The inaugural tournament in Singapore in 1996 proved to be an unforgettable two-week football spectacle, which drew large crowds to the National Stadium with millions more tuning in on television.

Favourites Thailand lifted the trophy after defeating Malaysia 1-0 in a hard-fought final. The foundation had been set for an exciting competition that would continue to grab the attention of fans throughout Southeast Asia.

The passion was even more apparent two years later when the tournament was played in Vietnam. Riding on a wave of national euphoria the hosts swept all before them, trouncing champions Thailand 3-0 to reach the final. The title was to elude Vietnam, though, as they went down 1-0 to unfancied Singapore in the final in one of the competition’s biggest shocks to date.

Thailand reasserted their dominance when they hosted the event for the first time in 2000. With star striker Kiatisuk ‘Zico’ Senamuang in inspired form, the Thais powered their way to the title, comfortably winning all five games. In the final at Bangkok’s Rajamangala Stadium, a hat-trick by Worrawoot Srimaka led the Thais to a decisive 4-1 win over Indonesia.

The 2002 tournament was more closely contested with the Thais just scraping into the semi-finals after losing 3-1 to Malaysia and drawing 1-1 with Singapore in the group stage. Thailand took a 2-0 half-time lead over hosts Indonesia in the final at the Gelora Bungkarno Stadium in Jakarta. However, the Indonesians battled back to level the score and force the game to a penalty shootout, which Thailand won 4-2.

In their bid for a third straight title in 2004, Thailand fielded the so-called ‘Young Bloods’ but the gamble of relying on youth failed to pay off and the defending champions were eliminated in the group stage in Malaysia. Co-hosts Vietnam also failed to reach the semis that matched Singapore with Myanmar while Malaysia took on Indonesia.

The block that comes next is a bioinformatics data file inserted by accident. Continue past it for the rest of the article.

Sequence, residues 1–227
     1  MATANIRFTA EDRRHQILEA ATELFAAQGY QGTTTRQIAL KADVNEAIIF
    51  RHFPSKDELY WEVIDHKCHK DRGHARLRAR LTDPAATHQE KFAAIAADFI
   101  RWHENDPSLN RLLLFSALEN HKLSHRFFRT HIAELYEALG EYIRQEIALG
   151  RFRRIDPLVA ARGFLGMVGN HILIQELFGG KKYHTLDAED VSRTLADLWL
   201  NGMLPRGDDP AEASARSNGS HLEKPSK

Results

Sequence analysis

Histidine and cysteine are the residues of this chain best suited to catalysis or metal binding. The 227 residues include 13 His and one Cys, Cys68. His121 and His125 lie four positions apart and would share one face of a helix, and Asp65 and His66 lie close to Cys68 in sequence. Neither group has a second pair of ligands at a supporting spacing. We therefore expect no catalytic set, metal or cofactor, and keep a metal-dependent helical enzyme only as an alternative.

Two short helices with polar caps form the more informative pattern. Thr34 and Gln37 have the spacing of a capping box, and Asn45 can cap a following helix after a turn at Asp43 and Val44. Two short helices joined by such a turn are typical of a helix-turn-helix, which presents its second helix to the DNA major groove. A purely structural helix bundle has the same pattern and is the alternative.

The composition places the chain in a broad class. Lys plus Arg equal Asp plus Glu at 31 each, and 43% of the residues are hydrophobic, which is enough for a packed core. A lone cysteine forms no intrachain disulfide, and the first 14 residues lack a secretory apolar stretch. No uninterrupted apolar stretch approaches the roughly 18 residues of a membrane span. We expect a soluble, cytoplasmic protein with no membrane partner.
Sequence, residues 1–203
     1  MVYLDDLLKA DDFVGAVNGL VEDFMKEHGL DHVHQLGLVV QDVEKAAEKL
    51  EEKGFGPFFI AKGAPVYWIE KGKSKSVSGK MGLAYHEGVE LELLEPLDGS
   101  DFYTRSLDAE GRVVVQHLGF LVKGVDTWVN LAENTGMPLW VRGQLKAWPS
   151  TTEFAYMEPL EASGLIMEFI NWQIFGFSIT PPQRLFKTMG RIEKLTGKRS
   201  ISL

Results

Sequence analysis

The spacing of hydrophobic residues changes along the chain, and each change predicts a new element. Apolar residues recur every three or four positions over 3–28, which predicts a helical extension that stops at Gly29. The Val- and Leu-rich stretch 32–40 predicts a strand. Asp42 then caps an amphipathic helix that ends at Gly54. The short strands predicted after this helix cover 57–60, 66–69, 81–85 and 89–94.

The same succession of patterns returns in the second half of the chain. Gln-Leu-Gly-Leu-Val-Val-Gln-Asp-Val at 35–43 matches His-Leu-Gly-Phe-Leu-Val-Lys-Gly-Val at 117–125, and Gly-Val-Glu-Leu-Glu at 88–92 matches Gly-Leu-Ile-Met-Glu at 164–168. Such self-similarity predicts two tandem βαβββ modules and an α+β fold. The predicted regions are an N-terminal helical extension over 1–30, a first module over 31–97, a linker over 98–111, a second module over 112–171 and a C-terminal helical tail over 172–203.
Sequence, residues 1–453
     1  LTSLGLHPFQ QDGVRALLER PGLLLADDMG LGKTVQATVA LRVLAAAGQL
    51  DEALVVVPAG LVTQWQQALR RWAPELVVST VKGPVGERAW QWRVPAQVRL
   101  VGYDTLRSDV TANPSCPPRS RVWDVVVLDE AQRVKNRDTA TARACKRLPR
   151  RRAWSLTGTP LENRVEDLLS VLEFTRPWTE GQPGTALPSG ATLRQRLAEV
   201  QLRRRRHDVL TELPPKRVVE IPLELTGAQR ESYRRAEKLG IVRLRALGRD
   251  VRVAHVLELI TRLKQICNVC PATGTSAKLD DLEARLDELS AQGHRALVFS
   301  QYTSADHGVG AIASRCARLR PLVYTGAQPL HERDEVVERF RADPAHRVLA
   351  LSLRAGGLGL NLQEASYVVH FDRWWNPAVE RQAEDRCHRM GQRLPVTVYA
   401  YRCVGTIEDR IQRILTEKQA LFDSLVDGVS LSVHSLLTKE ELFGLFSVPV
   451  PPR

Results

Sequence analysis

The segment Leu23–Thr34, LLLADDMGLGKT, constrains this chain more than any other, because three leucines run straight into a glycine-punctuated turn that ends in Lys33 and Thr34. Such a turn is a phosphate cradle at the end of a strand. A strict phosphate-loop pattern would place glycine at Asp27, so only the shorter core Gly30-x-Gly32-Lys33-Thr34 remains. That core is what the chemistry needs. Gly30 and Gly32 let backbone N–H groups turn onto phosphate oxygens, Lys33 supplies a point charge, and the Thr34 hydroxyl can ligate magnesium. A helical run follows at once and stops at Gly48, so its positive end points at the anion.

Singapore and Indonesia won through to a dramatic two-legged final with Singapore clinching their second title 5-2 on aggregate (3-1, 2-1) with a couple of top-drawer performances.

Singapore, guided by inspirational coach Radojko Avramovic, retained the title in dramatic fashion in early 2007 edging Thailand 3-2 on aggregate in the final.

In 2008, Vietnam tore up the script as they overcame raging favourites Thailand to lift the AFF Suzuki Cup for the first time in their history after a dramatic denouement to an enthralling tournament. With three minutes of added time gone in Hanoi’s My Dinh Stadium, Vietnam’s superstar striker Le Cong Vinh sealed the title with a nod of his highly prized head to send the nation into a frenzy.

The golden goal from the golden boy earned Vietnam a 1-1 draw with Thailand on the night and a 3-2 aggregate victory after their surprise win in the first leg of the final in Bangkok.

A youthful Malaysia side were the success story of AFF Suzuki Cup 2010. After their best ever campaign, highlighted by a 2-0 win over Vietnam in the first leg of the semi-final, they beat Indonesia 4-2 on aggregate in the two-legged final to spark an outpouring of joy across a country starved of football success.

Two years later, Singapore were crowned kings of ASEAN football for a record fourth time thanks to a 3-2 aggregate victory over Thailand in the thrilling two-legged final and they were given a huge reception on their return to the Lion City.
AFF Suzuki Cup Sponsors